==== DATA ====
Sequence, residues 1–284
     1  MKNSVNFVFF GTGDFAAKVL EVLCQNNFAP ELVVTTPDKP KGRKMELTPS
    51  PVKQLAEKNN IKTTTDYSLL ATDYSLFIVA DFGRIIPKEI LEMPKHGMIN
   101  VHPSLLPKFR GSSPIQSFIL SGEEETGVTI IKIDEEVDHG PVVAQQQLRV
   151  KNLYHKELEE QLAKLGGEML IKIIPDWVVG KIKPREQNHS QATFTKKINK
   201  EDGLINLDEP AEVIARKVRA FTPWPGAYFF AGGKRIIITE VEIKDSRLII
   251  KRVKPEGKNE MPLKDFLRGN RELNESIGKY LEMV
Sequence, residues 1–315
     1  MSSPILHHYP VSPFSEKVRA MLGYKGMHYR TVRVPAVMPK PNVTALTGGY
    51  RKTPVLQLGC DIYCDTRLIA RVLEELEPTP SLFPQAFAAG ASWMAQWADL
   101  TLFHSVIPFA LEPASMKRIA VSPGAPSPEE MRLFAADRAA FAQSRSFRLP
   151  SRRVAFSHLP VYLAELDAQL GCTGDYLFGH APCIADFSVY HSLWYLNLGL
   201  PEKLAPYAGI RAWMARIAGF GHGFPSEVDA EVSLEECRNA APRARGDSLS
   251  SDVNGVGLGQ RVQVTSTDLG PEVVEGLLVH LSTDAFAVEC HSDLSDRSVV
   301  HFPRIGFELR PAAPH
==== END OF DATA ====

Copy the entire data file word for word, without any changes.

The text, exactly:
Sequence, residues 1–284
     1  MKNSVNFVFF GTGDFAAKVL EVLCQNNFAP ELVVTTPDKP KGRKMELTPS
    51  PVKQLAEKNN IKTTTDYSLL ATDYSLFIVA DFGRIIPKEI LEMPKHGMIN
   101  VHPSLLPKFR GSSPIQSFIL SGEEETGVTI IKIDEEVDHG PVVAQQQLRV
   151  KNLYHKELEE QLAKLGGEML IKIIPDWVVG KIKPREQNHS QATFTKKINK
   201  EDGLINLDEP AEVIARKVRA FTPWPGAYFF AGGKRIIITE VEIKDSRLII
   251  KRVKPEGKNE MPLKDFLRGN RELNESIGKY LEMV
Sequence, residues 1–315
     1  MSSPILHHYP VSPFSEKVRA MLGYKGMHYR TVRVPAVMPK PNVTALTGGY
    51  RKTPVLQLGC DIYCDTRLIA RVLEELEPTP SLFPQAFAAG ASWMAQWADL
   101  TLFHSVIPFA LEPASMKRIA VSPGAPSPEE MRLFAADRAA FAQSRSFRLP
   151  SRRVAFSHLP VYLAELDAQL GCTGDYLFGH APCIADFSVY HSLWYLNLGL
   201  PEKLAPYAGI RAWMARIAGF GHGFPSEVDA EVSLEECRNA APRARGDSLS
   251  SDVNGVGLGQ RVQVTSTDLG PEVVEGLLVH LSTDAFAVEC HSDLSDRSVV
   301  HFPRIGFELR PAAPH